Blowing soil concerning, 'disappointing' for P.E.I. farmers
'The more we can do to keep that soil in the field the better'
Recent high winds and lack of snow mean precious topsoil is blowing off P.E.I. farm fields.
The results are another sign of the difficulty farmers faced this season, says the P.E.I. Federation of Agriculture.
"I think when they see that on their own field they are probably very disappointed. That is a resource that they are paying top dollar for," said executive director Robert Godfrey.
Late-autumn rains led to a late potato harvest — then cold, snowy weather arrived early, making made it tough for farmers to plant cover crops that protect fields and restore soil nutrients.
Some fields were planted in cover crops that didn't survive.
"There were cover crops planted that either were killed early in September with that killing frost we had September 24," said P.E.I. Potato Board general manager Greg Donald.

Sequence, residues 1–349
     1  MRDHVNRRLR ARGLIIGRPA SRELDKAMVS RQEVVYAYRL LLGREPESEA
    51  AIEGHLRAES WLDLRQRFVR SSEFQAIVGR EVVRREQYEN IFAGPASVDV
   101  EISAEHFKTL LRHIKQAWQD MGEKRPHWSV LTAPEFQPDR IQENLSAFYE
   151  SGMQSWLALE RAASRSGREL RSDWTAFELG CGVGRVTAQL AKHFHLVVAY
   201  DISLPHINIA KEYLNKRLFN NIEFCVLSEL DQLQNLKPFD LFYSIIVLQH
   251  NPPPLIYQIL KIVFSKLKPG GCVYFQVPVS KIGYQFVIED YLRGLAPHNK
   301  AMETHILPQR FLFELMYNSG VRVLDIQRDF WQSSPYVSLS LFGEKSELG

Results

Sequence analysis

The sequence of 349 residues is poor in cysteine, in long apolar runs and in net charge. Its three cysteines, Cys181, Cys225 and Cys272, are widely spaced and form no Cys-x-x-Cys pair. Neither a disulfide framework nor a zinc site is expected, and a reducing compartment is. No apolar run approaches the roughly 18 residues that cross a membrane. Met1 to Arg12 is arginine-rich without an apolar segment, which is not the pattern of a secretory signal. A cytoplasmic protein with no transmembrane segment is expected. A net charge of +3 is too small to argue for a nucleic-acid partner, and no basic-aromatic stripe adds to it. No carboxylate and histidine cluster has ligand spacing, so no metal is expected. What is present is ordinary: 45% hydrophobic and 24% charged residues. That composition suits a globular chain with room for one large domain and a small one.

"There's other cases they were seeded and didn't germinate."
'The last thing you want to see'
Donald said the blowing soil can be disappointing for farmers to watch.
"They are investing a lot of energy and resources to building their soil and improving their soil, and the last thing you want to see is some of it being blown away," Donald said.
The lack of snow also means there's no protective layer over the soil.
A dirt buildup had to be cleared recently from Route 112, the Searletown Road in Bedeque by road crews The Department of Transportation said in a email to CBC that it was not normal for so much topsoil to blow onto the road from nearby fields.
Researching better ways
The extreme weather is making it harder for farmers to avoid problems like these, said Godfrey.
"With the climate change that we keep experiencing here, the more we can do to keep that soil in the field the better," Godfrey said.
The Federation of Agriculture says it is doing extensive research into soil protection and hopes to increase educational supports for farmers in the future.
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With files from Laura Meader